Puck stops here
By Sylvia Mioduszewski
Western's parking services is taking a hands-free approach to traffic this school year. Instead of reaching through a car window to insert a parking card, a puck-shaped disk will now do the work for drivers.
Placed on the inside corner of a car's windshield, the disk uses a low frequency radio signal with a range of six feet to open the gate, said Dave Hill, manager of parking services. The system is currently being used in green lots, with grey lots having the system added this month.
"We had a number of problems getting the technology started but once we got them straightened out, it worked consistently," Hill said. The long- term upgrade to the parking gates will cost $4,500 per gate more than the traditional card system and is being financed by parking revenues.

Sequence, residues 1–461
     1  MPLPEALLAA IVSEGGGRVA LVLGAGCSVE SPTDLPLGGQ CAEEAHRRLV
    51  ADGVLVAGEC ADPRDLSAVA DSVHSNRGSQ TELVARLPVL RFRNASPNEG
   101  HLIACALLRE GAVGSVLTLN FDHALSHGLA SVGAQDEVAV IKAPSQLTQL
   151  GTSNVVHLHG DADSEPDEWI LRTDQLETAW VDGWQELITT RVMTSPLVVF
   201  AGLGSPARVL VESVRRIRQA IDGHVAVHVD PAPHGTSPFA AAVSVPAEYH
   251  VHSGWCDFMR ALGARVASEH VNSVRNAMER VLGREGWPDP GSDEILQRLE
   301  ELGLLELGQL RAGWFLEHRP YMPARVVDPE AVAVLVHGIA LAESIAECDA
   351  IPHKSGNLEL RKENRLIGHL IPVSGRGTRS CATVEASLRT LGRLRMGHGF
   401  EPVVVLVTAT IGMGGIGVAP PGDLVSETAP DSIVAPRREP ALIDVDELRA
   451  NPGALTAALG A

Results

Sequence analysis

Students will be relieved to know that prices for permits will not increase although there is a $25 refundable deposit for the disks.
"It's convenient. I like not having to roll down my window," said Aggie Pajak, an honours biochemistry student, adding she prefers the disks to the card method.
Unlike parking cards, the disks have a 120-year life span and since they stay firmly attached to the windshield of the car, they do not suffer the wear and tear of daily use, said Salman Hydri of Apcoa Parking. Hydri is the location manager for Toronto General Hospital parking services where the same devices are used.
The new system, originally used for toll booths, allows for extra features to be added later on and other service-related possibilities, Hill said.
The orange core lots should have the system next summer, Hill said, adding all student lots will switch to the disk system, with faculty and staff lots operating on both for as long as it is feasible, he added.